JetBlue Fly-Fi In-flight Wi-Fi – Review and First Look

By Jonathan Spira on 11 December 2013
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Logged into Fly-Fi on the inaugural flight

Logged into Fly-Fi on the inaugural flight

SOMEWHERE OVER NEW ENGLAND—My first in-flight Internet experience goes back roughly nine years to a Lufthansa flight and the German flag carrier’s FlyNet system that was using Boeing’s groundbreaking but ill-fated Connexion by Boeing technology.

While Connexion by Boeing shut down at the end of 2006, other companies stepped in to fill the void.

American Airlines became the first U.S. airline to offer domestic Wi-Fi, back in 2008.

Now JetBlue is launching its Fly-Fi service and this review is being written (and published) from the inaugural flight.  Fly-Fi offers free basic low-bandwidth Internet to all passengers and optional high-speed Internet at $9.95 per hour.

The JetBlue team on board

The JetBlue team on board

The high-speed option supports downloading large files and streaming movies, among other things.  I was also able to write this review and upload it to our publishing system.

The JetBlue system uses ViaSat’s Ka-band satellite connectivity, which is significantly faster than the air-to-ground systems used by most airlines.  It’s also more susceptible to a loss of signal strength in rainy conditions.  The system itself was designed by ViaSat.

In an interview with Frequent Business Traveler earlier this year, a spokesman for ViaSat said that the ViaSat system will deliver a guaranteed 12 Mbps to each user, adding that there is more than sufficient bandwidth to support every single passenger on any given aircraft at that speed.

Fly-Fi launched on three aircraft Wednesday and JetBlue will add two more by the end of the year.  The airline plans to have more than 140 of its Airbus A320 and A321 aircraft equipped with Fly-Fi by the end of 2014.  JetBlue’s Embraer 190 fleet will be fully Fly-Fi equipped by the end of 2015.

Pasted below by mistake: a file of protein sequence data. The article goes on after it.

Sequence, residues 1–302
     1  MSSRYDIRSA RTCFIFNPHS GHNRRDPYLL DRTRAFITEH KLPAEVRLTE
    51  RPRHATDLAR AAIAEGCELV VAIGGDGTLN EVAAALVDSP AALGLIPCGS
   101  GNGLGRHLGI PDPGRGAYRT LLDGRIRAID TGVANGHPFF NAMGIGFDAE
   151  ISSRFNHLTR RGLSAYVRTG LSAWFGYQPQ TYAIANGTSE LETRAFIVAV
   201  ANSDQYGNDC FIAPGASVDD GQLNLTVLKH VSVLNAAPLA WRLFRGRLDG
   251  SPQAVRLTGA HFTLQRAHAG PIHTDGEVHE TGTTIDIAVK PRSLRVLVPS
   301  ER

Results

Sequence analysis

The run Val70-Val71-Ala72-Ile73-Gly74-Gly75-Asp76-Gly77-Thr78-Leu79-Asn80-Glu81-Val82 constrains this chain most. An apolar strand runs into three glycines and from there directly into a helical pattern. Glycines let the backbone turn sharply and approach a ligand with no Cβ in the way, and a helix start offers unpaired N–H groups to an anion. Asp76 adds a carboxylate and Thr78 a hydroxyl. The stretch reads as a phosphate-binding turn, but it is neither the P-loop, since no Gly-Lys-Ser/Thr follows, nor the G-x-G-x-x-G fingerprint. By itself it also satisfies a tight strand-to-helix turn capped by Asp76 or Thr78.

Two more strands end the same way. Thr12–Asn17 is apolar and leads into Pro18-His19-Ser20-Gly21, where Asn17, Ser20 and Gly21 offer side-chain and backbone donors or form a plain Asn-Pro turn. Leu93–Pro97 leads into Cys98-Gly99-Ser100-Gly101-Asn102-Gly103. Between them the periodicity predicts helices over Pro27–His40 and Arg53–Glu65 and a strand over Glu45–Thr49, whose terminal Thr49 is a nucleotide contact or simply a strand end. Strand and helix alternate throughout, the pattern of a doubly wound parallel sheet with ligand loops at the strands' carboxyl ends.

The system became available once we hit 10,000 feet.  (A JetBlue spokesman told me that it expects to support gate-to-gate use of Fly-Fi by the start of 2014.)  Our flight plan is to go along Long Island, up the east coast towards Bangor, Maine and then return to JFK.

Available at altitudes of 10,000 feet and above, my first few tests showed speeds ranging from 3.4 Mbps to 28.53 Mbps downstream, while upstream was much slower, ranging from 0.49 to 0.59.

I was able to watch videos and movies as well as to use video conferencing tools although it’s been occasionally choppy.

JetBlue says it has been working on this for over three years with LiveTV, and that it’s eight times faster than other in-flight Wi-Fi offerings.  Indeed, it’s capable of delivering more bandwidth to a single passenger than what most other systems deliver to the entire aircraft.

(Photo: Accura Media Group)

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